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Report No. 144

Chapter IX

Orders 31 To 40

9.1. Order 33, rule 1 and Corporations

9.1.1. Order 33, rule 1, of the Code of Civil Procedure, 1908, provides that a suit may be instituted by an indigent person (previously, a "pauper").

9.1.2. Question for consideration-

The question has arisen whether this rule applies to artificial (judicial) persons. There is a conflict of decisions on the point.

9.1.3. The controversy can be best illustrated by narrating the developments that took place in the High Court of Punjab, where a narrower view, taken by a single Judge, came to be later replaced by a wider view, taken by a Division Bench. According to an earlier Punjab case,1 the expression "person", for the purposes of Order 33, does not include a limited company.

This conclusion is supported by three main reasons. First, the Explanation to rule 1 speaks of "wearing apparel" and these are words which could not apply to a limited company. Secondly, Order 33, rule 3, provides for personal appearance in the court-which would not be appropriate for a company. Thirdly, Order 33, rule 4, speaks of "examining" the applicant, which also would not be appropriate in the case of artificial persons. This view was, however, later ,overruled.2

1. Associated Pictures Ltd. v. National Studies Ltd., AIR 1951 Punj 448 (Falshaw, J.) (Overruled in AIR 1960 Punj 73).

2. S.G. Sahib v. Harnam Singh, AIR 1950 Punj 73 (DB) (K.L. Gosain & Harbans Singh, 11.) overruling AIR 1951 Punj 448.

9.1.4. Overruling a single Judge ruling of 1951, the Punjab High Court1 in 1960 has, through a Division Bench ruling held, that "person" in Order 33 of the Code includes juristic persons (in that case, Gurudwara Sahib Kothi Begwal). The Division Bench relied on section 3(39), General Clauses Act, 1897, under which the expression "person" includes any company or association or body of individuals, whether incorporated or not. The Division Bench did not agree with the objection based on the word "apparel".

It pointed out, referring to Perumal v. Sankha Nidh Ltd., AIR 1918 Mad 362 (DB), that all that the Explanation means is, that if the appellant has the necessary wearing apparel, then the value thereof can be deducted in assessing the applicant's means. It also added, that in a Supreme Court case2 relating to the standing orders of an electric company, the Supreme Court had quoted, with approval, an English case,3 where it had been held, that a right of appeal conditional on the appellant's entering into a recognizance was available to a Corporation. This showed that requirements contemplating something personal did not come in the way of a corporation claiming the benefit of the main provision.

1. Ibid.

2. Nagpur Electric Light and Power Co. Ltd. v. Pathirai, AIR 1958 SC 658.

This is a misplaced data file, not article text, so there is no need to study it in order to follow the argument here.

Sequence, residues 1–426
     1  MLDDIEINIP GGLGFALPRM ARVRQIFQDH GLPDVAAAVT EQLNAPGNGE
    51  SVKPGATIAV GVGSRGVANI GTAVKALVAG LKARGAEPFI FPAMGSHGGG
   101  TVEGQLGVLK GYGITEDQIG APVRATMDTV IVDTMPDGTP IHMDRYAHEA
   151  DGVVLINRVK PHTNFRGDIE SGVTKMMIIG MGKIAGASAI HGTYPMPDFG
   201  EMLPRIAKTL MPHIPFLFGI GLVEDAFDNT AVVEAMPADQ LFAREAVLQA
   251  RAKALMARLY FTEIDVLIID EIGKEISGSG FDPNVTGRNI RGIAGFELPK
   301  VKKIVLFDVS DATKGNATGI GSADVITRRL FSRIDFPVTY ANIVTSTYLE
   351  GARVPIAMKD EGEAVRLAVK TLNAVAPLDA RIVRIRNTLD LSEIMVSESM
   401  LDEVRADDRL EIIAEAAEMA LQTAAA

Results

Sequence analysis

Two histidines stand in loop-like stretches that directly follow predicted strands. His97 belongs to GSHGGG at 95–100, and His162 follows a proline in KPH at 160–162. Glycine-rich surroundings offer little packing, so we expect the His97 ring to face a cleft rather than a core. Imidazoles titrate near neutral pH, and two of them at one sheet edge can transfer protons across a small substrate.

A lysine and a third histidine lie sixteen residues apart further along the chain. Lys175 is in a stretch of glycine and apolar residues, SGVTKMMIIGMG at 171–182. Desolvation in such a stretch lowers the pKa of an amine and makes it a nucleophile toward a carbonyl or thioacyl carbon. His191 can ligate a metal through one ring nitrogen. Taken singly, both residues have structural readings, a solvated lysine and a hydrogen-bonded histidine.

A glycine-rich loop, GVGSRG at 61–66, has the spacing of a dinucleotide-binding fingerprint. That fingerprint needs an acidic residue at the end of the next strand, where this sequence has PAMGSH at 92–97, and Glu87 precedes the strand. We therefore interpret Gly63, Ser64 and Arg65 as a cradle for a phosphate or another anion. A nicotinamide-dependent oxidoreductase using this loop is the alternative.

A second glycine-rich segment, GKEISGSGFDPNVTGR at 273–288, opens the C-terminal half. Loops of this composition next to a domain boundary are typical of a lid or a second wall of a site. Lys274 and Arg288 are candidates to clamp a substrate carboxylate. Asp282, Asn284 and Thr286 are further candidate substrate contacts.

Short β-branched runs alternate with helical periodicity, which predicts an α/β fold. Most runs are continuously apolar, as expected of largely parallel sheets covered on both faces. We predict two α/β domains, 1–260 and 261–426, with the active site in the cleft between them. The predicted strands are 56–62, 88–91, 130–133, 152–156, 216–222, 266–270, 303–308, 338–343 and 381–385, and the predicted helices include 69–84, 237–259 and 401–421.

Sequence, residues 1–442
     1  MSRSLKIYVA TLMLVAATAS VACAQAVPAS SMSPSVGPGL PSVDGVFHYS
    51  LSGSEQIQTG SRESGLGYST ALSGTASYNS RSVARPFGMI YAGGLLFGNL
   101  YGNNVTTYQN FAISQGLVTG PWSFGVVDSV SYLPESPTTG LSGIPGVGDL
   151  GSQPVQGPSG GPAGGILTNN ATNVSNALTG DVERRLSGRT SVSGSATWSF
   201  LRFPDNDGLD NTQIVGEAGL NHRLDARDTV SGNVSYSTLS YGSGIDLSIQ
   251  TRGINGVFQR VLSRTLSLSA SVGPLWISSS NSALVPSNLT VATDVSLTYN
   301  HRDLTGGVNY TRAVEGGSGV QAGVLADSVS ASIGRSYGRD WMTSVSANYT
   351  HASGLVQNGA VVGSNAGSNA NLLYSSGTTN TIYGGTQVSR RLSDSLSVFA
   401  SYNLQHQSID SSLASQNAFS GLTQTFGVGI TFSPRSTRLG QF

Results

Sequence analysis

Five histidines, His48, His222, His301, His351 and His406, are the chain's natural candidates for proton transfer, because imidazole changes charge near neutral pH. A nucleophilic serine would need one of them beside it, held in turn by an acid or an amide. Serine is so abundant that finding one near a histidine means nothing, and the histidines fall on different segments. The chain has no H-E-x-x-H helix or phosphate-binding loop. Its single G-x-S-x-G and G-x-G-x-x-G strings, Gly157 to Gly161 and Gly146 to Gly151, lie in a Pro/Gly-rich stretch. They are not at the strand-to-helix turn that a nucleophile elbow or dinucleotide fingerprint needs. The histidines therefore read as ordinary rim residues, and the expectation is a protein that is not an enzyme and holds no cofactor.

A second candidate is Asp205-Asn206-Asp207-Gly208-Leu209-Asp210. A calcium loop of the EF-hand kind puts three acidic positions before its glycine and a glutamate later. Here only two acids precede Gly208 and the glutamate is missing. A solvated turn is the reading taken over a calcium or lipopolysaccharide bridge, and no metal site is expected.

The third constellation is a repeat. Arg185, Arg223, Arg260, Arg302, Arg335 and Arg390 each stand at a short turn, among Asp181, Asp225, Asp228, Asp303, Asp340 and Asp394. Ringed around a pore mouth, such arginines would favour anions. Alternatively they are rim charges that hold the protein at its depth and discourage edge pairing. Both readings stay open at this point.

3. Gortis v. Kent Water Works Co., (1827) 108 ER 741 (Bayley, J.).

9.1.5. According to the Division Bench of the Punjab High Court, (1960), the condition regarding recognizance may be treated as inapplicable to corporations and the clause can be split up for the purpose. As regards Order 33, rule 3 which relates to "appearance", the Punjab Division Bench again pointed out (quoting the Madras case of 1918) that where, from the very nature of the party, the physical presence of the party is not possible, then the requirement for personal appearance would not apply.

9.1.6. The following courts (besides the Punjab High Court) have also held that Order 33 applies to artificial persons (Corporation and deities):

(a) Madras;1.

(b) Mysore2

(c) Oudh;3

(d) Rangoon;4

(e) Madhya Pradesh.5

1. Perumal v. Venkatesam, AIR 1918 Mad 362 (Bakewell and Kumaraswami Shastri, JJ.).

2. M.C. Chiknanjudappa v. D.K. Pillai, AIR 1955 Mys 128 (129), para. 4 (Hombe Gowda, J.).

3. Sripal Singh v. U.P. Cinetone, AIR 1944 Oudh 248 (Thomas, J.).

4. D.K. Cassim & Sons v. Abdul Rehman, AIR 1930 Rang 272 (Das & Brown, JJ.).

5. Nandkishore Mohanlal v. Jhunjhunwala, AIR 1990 MI' 331.

9.1.7. But, in a Calcutta case1 the negative view was taken on the subject, holding that Order 33, rule 1 does not apply to artificial persons.

1. Bharat Abhyudaya Cotton Mills v. Kameshwar Singh, AIR 1938 Cal 745 (Costello and Biswas, JJ.).

9.1.8. In a Manipur case,1(following the Punjab Single Judge case of 1951, but without noticing the Punjab Division Bench ruling of 1960), it was held that Order 33, rule 1, is confined to natural persons. In this judgment, stress seems to have been laid on the requirement of personal appearance and it was held that a deity cannot be allowed to sue as a pauper in the court. The court took the view that unless rules 1, 3 and 4 of Order 33 are amended by the legislature, it is not possible to hold, on the existing rules that a deity or an idol could file a suit through a she bait in forma pauperis.

1. Radha Krishna v. Nathmal, AIR 1963 Manipur 39 (41, 42), paras. 6, 13 (Thirumalpad, J.C.).



Conflicting Judicial Decisions pertaining to the Code of Civil Procedure Back




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